Autism spectrum disorder
The characteristics of autistic spectrum disorder (ASD) can vary both from person to person and across different environments.
They can also be different for the same person at different times in their life. That is why autism is usually referred to as a spectrum disorder.
The traits of ASD can be divided into three main groups.
The first characteristics of ASD can sometimes be seen in a child who is under the age of two. However, in other children the condition may not be picked up until they are much older.
A person who has ASD may find it hard to relate to other people.
A person who has ASD may have difficulty using verbal and non-verbal skills, and some people may remain non-verbal throughout their lives.
People with ASD who do speak may use speech in an overcomplicated way, using odd phrases or odd choices of words.
They may also make up their own words or phrases, and use more words than are necessary to explain simple things.
Someone with ASD may also have difficulty:
Some people with ASD may develop echolalia, where they repeat words that have little meaning or repeat what has been said to them.
Children with ASD may:
In addition, children and adults may also develop obsessionsfor example, with specific objects, lists, timetables or routines.
Most people with ASD also have sensory difficulties. This means they may be oversensitive to specific things, such astouch, certain textures, light levels, or sound.
Sensory difficulties can also lead to problems with movement. A person with ASD may appear clumsy or have an unusual way of walking.
Asperger syndrome is another form of ASD. People with Asperger syndrome will generally not have a learning disability and are often of average or above average intelligence.
They will usually have fewer problems with language development, but may still experience difficulties with social communication.
Asperger syndrome is often diagnosed later in children, and sometimes their difficulties may not be recognised and diagnosed until adulthood. This can cause a delay in getting appropriate support for the individual and their family.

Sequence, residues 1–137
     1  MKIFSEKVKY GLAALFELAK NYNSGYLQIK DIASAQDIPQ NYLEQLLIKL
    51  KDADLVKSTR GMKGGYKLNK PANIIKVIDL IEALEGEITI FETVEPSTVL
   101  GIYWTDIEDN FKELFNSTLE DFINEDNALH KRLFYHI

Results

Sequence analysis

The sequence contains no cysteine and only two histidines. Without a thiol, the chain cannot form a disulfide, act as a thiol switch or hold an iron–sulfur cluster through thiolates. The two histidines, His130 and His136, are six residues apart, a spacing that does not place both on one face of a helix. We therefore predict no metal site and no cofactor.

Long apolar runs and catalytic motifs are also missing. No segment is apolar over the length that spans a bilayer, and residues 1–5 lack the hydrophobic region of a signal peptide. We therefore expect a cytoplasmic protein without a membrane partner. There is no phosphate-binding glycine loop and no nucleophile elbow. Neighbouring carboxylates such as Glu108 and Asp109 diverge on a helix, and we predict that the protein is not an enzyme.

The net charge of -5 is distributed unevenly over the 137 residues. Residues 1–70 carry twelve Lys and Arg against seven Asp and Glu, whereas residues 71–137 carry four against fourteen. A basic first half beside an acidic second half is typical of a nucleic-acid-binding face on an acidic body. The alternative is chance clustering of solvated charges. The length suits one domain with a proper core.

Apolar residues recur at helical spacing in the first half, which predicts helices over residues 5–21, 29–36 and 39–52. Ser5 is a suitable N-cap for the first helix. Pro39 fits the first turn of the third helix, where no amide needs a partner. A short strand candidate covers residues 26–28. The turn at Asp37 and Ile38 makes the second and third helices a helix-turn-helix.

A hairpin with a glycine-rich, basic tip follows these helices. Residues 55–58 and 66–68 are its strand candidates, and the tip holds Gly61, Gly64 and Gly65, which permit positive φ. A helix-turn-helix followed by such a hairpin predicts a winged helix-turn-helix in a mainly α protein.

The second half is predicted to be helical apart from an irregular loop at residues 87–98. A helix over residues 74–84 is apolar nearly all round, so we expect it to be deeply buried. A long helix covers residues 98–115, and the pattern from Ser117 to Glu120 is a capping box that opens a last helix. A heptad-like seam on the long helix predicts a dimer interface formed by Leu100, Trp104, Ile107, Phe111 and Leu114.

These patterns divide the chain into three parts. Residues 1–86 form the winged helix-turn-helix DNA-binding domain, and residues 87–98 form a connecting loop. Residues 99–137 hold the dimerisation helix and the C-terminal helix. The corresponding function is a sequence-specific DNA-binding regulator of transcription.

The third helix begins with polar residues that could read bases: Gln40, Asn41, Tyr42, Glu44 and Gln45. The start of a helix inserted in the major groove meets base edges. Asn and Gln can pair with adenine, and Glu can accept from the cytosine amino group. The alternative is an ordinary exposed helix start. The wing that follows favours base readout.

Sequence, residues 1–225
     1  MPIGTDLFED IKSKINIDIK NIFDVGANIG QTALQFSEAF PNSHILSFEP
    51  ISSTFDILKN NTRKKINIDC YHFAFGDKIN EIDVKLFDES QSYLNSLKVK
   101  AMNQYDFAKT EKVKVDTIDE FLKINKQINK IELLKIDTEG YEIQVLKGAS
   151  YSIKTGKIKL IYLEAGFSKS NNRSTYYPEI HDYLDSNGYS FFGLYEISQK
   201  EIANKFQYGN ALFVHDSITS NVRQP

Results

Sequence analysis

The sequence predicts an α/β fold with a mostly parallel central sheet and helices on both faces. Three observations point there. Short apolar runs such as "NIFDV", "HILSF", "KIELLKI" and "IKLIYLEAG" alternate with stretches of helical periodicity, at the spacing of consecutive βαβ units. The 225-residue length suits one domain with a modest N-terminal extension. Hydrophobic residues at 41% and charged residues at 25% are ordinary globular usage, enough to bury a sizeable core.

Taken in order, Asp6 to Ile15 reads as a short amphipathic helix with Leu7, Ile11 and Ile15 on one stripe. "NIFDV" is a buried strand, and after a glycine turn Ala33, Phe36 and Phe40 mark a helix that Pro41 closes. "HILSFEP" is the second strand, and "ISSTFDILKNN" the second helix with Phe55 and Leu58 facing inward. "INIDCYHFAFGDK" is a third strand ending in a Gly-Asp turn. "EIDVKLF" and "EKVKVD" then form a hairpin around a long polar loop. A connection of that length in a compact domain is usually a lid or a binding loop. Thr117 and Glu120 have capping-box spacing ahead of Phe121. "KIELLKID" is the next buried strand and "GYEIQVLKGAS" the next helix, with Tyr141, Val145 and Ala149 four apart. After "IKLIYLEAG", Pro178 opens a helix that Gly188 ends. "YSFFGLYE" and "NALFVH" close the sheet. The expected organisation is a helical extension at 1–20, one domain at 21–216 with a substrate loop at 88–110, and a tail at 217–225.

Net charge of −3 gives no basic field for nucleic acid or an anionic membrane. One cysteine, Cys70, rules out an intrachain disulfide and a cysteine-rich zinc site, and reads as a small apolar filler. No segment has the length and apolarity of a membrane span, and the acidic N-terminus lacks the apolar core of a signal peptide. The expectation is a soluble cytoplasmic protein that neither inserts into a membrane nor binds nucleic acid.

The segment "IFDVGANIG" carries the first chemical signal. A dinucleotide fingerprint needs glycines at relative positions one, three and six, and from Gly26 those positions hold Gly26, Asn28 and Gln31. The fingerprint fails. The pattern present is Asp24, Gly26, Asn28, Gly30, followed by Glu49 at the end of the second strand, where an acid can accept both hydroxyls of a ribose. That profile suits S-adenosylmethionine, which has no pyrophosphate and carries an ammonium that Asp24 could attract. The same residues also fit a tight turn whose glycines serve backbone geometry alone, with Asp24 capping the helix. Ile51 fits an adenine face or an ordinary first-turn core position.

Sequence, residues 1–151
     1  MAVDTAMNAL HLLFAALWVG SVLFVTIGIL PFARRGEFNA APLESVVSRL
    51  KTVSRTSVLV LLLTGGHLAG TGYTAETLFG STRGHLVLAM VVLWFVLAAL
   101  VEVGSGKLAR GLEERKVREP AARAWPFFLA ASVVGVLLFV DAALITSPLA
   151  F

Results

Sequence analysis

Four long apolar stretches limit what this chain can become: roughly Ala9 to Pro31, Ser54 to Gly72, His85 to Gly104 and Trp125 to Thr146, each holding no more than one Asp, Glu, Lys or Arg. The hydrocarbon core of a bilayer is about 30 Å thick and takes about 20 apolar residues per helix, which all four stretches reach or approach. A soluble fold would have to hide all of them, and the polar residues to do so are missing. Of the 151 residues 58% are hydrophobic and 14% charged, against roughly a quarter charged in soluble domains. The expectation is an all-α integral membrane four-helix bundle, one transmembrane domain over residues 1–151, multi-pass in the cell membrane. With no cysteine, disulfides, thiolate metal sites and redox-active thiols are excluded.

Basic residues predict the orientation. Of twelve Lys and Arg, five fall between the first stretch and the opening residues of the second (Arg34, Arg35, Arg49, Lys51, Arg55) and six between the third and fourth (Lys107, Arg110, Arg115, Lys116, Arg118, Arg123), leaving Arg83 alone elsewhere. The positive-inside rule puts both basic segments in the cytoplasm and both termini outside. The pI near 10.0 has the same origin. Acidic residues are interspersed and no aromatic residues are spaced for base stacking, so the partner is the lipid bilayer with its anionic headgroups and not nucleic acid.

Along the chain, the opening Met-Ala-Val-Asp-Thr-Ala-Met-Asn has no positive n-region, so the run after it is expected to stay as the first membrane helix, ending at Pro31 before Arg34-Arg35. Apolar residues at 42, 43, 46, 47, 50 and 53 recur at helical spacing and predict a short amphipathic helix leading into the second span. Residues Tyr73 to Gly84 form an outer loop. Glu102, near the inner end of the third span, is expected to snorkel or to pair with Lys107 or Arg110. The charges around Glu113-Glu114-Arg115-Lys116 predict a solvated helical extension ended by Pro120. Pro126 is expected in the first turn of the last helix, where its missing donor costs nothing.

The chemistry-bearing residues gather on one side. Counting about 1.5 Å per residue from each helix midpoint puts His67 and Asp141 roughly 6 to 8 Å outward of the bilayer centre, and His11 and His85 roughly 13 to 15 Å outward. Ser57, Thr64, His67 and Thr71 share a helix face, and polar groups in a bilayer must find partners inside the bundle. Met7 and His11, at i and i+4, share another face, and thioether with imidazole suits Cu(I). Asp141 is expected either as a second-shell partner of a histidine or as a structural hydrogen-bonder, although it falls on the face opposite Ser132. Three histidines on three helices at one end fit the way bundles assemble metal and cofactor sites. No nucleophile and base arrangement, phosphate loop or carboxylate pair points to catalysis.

The characteristics of autistic spectrum disorder (ASD) can vary both from person to person and across different environments. They can also be different for the same person at different times in their life.
Autism spectrum disorder (ASD) is a condition that affects social interaction, communication, interests and behavior. There's no "cure" for ASD, but speech and language therapy, occupational therapy, educational support and other interventions.
The main features of autism spectrum disorder (ASD) are problems with social communication and interaction. Signs of ASD include: frequent repetition of set words and phrases, speech that sounds very monotonous or flat, preferring to communicate using single words, despite being able to speak in sentences, etc.
The exact cause of autism spectrum disorder (ASD) is currently unknown. It's a complex condition and may occur as a result of genetic predisposition (a natural tendency), environmental or unknown factors.
See your GP or health visitor if your child is showing symptoms of autism spectrum disorder (ASD), or you're worried about their development. Some people with ASD grow up without their condition being recognised, but it's never too late to get a diagnosis.
There's no 'cure' for autism spectrum disorder (ASD). However, a range of specialist educational and behavioural programmes can help children with ASD.
Adults with ASD may also benefit from some of the treatments offered to children with ASD, such as psychological therapy and medication. Adults with ASD can live in all types of housing.
Daniel Weston, who has autism, experienced a transformation since taking up tandem cycling with his dad, Pat. "Daniels major impairment is social and communications skills, which affects his life drastically," says his mother.
Sarah Ridout lives in Exeter. At the age of 23, she was diagnosed with Asperger syndrome, a condition on the autistic spectrum. "I'm passionate about raising awareness, particularly within the police force. I'm a member of the force's Disability Forum." she says.
Aly Gynn was diagnosed with Asperger syndrome, a disorder on the autistic spectrum, at the age of 45, although he had suspected for some time that he had the condition.